I had emailed Sugar's mom (Sugar the 2-legged dog, not Sugar the dog I once fostered and was adopted by Crazy Lady) a few weeks ago with some questions and she replied today. Sugar is doing fantastic and is suffering no health ailments from her amputation or paralysis. Check out the latest videos. Is this dog a love or what! The whole pet pack in that household are adorable together.
Sugar was amputated at the hips and is still able to use her cart just fine, according to her mom. You can see her running full speed in the first video above. In fact, it looks like her cart is working out a lot better for her than Popeye's is for him. Sugar's cart was made by Doggon Wheels and I am tempted to order one for Popeye.
Of course Popeye has not used his cart since the surgery (he's still recuperating), but I would be surprised if the tipping problem changes. Also, the weight of that shoulder yoke still bothers me. Although we converted the cart to "neutral balance" by moving the wheels forward, which is supposed to take off all the weight from his shoulders, I don't think it really does in Popeye's case.
The reason is this: The height positioning of the shoulder yoke as well as the adjoining front chest strap is based on Popeye's posture when he is standing straight and looking up. But that's not how he walks. He walks with his head down, neck forward and shoulders hunched up, as if he is pulling something (which of course he is--his cart!). When his shoulders hunch up, the front chest strap and yoke of the cart tighten and so there is more pressure on his shoulders. This is especially true when he's sniffing something on the ground, which he does all the time.
However, I can't just loosen the chest strap and/or the shoulder yoke too much, because then during the times when he walks with his head more elevated, the cart swings side to side quite a bit and bangs against his shoulders. If Popeye just walked in a consistent manner, it wouldn't be a problem. But he doesn't.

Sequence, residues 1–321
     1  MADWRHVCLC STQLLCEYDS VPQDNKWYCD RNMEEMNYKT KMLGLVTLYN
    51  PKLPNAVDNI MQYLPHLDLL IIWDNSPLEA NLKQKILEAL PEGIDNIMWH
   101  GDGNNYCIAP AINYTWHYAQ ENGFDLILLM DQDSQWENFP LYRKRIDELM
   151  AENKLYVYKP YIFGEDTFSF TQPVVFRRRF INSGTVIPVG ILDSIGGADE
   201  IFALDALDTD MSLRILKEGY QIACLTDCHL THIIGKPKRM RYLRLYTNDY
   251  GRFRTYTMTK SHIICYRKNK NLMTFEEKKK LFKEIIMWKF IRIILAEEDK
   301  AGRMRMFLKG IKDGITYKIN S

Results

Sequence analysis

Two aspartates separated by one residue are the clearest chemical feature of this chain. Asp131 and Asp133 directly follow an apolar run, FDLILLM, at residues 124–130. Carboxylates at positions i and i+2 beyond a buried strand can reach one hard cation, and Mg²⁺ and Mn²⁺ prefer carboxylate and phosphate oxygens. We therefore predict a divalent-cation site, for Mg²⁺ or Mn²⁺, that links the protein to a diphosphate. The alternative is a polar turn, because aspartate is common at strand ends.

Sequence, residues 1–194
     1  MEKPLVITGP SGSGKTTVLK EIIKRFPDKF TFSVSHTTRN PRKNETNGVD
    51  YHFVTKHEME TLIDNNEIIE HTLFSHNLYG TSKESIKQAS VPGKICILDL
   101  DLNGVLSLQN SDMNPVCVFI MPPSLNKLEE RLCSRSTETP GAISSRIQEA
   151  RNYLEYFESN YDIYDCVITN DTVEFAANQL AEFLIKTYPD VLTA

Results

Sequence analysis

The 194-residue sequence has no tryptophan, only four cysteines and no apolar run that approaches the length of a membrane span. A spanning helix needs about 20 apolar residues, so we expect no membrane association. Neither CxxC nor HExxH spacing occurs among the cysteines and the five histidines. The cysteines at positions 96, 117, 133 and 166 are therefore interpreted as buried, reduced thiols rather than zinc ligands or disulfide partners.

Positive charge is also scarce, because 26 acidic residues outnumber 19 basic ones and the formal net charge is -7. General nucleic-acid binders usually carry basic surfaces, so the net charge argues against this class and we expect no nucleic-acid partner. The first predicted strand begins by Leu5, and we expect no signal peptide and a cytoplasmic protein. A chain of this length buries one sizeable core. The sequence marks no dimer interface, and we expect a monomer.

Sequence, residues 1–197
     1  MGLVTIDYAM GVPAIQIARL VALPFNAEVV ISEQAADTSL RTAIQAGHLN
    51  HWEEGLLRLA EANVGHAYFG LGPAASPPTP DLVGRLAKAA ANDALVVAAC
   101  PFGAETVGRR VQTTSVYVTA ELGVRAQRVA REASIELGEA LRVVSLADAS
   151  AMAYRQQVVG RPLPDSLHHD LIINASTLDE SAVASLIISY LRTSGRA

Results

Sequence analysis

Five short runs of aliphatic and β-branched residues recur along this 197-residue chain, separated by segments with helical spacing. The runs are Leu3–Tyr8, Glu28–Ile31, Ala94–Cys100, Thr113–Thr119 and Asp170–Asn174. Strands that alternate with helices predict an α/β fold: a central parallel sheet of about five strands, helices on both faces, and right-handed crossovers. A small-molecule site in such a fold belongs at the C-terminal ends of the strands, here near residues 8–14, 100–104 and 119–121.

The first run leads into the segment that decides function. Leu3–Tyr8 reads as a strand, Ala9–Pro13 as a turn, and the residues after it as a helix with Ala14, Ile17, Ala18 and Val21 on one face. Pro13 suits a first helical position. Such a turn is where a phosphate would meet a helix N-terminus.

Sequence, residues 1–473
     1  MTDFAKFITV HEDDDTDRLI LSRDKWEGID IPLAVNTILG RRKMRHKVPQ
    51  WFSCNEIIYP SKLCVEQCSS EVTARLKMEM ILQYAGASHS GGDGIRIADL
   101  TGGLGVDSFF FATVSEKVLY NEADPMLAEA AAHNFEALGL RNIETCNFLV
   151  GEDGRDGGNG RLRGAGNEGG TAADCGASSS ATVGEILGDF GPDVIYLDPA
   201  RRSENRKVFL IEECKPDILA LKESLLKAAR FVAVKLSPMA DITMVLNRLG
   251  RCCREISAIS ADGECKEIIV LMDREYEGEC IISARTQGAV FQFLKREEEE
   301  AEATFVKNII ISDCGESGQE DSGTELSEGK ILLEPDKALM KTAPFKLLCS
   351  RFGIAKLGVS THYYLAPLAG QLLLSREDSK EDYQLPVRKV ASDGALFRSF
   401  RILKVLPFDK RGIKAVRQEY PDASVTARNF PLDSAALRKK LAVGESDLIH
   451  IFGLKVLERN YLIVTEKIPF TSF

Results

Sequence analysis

The Doggon Wheels does not utilize a shoulder yoke, so I don't believe there would be that weight problem on the shoulder. You can see a video here of a dog in a Doggon cart bending over to pick up tennis balls, and the shift in posture does not seem to make any noticeable difference to the cart.
With an Eddie's Wheels, all equipment is attached to the cart. You simply put the dog's legs through the leg straddle, secure the front chest strap, and place the yoke over the shoulder. (Of course, Popeye's long, unbending back legs made the process a HUGE pain in the ass but that shouldn't be a problem anymore.)
With a Doggon, you first put a chest harness as well as a rear harness on the dog, then clip the harnesses to the cart. The use of harnesses allows for a soft supporting system, whereas the Eddie's Wheels has a hard support for both the rear as well as the shoulder.
I am sure all carts have their pros and cons. Having attempted several adjustments now, I just don't think the Eddie's Wheels is the ideal cart for a dog with Popeye's particular build and habits. I don't think this is something anybody could have foreseen because it is so specific to Popeye (the cart seems to work great for many many dogs out there), but now that I have experienced it on him, I am increasingly recognizing the limitations. It's all right for going on a stroll, which is a lot more than many handicapped dogs can do on their own. But I want Popeye to be able to run like the little devil he is, and I don't want to worry about excess weight on his body.